NBA’s Hassan Whiteside lists Miami home for $23M, triple what he paid for it
The former Miami Heat center, now with the Utah Jazz, bought the six-bedroom home for $7.3M in 2016
NBA star Hassan Whiteside has made a career out of blocking shots on the court. Away from the hardwood, however, he’s hoping to score.
The Utah Jazz center is asking $23 million for his home at 528 Lakeview Court in Miami Beach, the Wall Street Journal reported, more than triple what he paid for it while playing for the Miami Heat in 2016.
Although Whiteside was traded from the Heat to the Portland Trail Blazers in 2019 before ultimately signing with Utah last year, according to the Journal he’s continued to spend his off-seasons at the Miami Beach compound and is looking for more space to accommodate his young family.
Whiteside closed on the purchase of the 5,500-square-foot, six-bedroom home, which sits on a 17,000-square-foot lot, in August 2016 for $7.3 million, well under its peak listing price of $13 million. The purchase came shortly after Whiteside signed a four-year, $98 million contract extension with the Heat.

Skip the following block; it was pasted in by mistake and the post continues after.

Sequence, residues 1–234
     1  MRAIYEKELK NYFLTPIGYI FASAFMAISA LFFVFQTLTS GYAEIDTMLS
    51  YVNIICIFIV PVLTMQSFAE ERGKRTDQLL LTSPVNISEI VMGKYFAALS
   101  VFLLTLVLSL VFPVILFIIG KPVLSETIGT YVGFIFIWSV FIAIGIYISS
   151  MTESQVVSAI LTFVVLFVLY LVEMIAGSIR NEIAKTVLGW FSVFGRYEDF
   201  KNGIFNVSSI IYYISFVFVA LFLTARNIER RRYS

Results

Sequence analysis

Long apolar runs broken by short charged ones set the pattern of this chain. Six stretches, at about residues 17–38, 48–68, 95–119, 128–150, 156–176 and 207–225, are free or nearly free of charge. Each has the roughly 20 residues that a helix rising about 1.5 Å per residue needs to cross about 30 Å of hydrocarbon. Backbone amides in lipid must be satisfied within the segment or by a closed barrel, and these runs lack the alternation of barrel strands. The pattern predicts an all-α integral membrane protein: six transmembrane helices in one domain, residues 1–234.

The property on Surprise Lake, just off of Biscayne Bay, includes a pool, a boat dock and about 100 feet of water frontage, as well as a two-car garage, a carport and a six-car driveway.
Whiteside made a number of additions to the home during his six years of ownership, according to the Journal, including roof pergola with artificial turf, a home theater and an eye-popping bright red spiral staircase.
Compass’ Joe Azar has the listing.
The center has played for four NBA franchises in his career, but is best known for his five seasons with the Heat, from 2014 to 2019. He has twice led the league in blocks, once led it in rebounding and was named to its All-Defensive Second Team in 2016.
Whiteside isn’t the only former Heat player seeing dollar signs in a scorching South Florida real estate market. Former forward Justise Winslow recently sold his non-waterfront home in Coral Gables for $5.5 million, about 67 percent more than he paid for it three years earlier.
[WSJ] — Holden Walter-Warner